More Examples Of Data Spin – Social Networking Addiction

I’ve shared why the concept of social media addiction makes little sense in the past, but it continues to be a popular, if inaccurate label.  I expect that sort of post from Mashable or Social Media Examiner.  They are media outlets and are supposed to frame industry content in a sensationalistic way.  To them, it’s not about accuracy or authority, it’s about pageviews and ReTweets – and you can’t blame them, it’s their business model.

But the other day I saw a link from a pretty trusted source, Steve Rubel, who surprisingly shared more datapoints that don’t actually point to addiction, rather to a general usage trend.  But of course, those who conducted the study wrap it in language that’s stickier, if inaccurate, by slapping the “addiction” label on it.

Let’s first look at the graph without the title, and just the survey question:

Now that’s not very interesting is it?  Just the question and the survey result data presented accurately (surprise surprise, more people are using social networking sites multiple times a day in 2009 when compared with 2008).  How can we make this more interesting if we’re Experian?  Easy – let’s slap the addiction label on there since our society has an addiction to, well, calling everything an addiction without actually understanding it.

Here’s the version they published:

Let’s visually show why this is absurd, by showing another data visualization and doing the same thing:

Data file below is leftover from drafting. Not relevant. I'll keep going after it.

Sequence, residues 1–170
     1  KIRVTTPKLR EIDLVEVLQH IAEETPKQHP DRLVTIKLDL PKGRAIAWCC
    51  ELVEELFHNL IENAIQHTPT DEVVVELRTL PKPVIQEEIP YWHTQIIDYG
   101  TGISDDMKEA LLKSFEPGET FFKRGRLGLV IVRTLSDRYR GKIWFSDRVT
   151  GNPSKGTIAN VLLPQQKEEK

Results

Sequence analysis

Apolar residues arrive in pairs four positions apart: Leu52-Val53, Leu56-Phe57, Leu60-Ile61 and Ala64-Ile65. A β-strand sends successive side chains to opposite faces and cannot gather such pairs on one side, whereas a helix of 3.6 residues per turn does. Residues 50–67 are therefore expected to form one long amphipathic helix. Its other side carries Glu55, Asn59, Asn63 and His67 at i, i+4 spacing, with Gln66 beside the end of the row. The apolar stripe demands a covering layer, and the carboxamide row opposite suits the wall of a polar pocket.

Now, I’ll add a label to contextualize, even though it wasn’t part of the original image:

Was it wrong I just added TV addiction to that graph?  The average person watches a lot of TV, so I can just add the addiction label, right?  By Experian’s logic, it’s as easy to define something as an addiction as slapping a label on a graph.  No scientific research or consensus among cognitive psychologists needed – just some consumer survey data is rigorous enough.

Of course, if you look at more data points within the same study, you could just as easily draw a conclusion that we’re addicted to keeping in touch with friends:

Two paragraphs of text from the original article packaged with the data mention addiction as well:

Whether it’s keeping in touch with others, playing games, debating politics or any of the other reasons people use social networking sites, it cannot be denied that there’s a sense of addictiveness to it all.

There’s a “sense of addictiveness to it all”  according to Experian, not according to the data.  That is 100% subjective – however when writing it next to their visuals it seems authoritative.

Social networking is an increasingly addictive activity, with nearly half of those who access such sites (43%) reporting that they visit them multiple times per day.

According to this logic, let’s think what else we could call addiction.  After all, we just need to find things that around half of survey responded do multiple times daily.  Email?  Talking on the phone?  Using sticky notes?  We’re addicted to everything!

This is data spin – nothing new to marketing and PR – but that’s the problem with the web.  You can’t spin data, you need to be accurate or you’re just going to get called out for it.  The web will always question data sources, the motivations behind those publishing datapoints, and call blatant examples of pure subjectivity or inaccuracies out.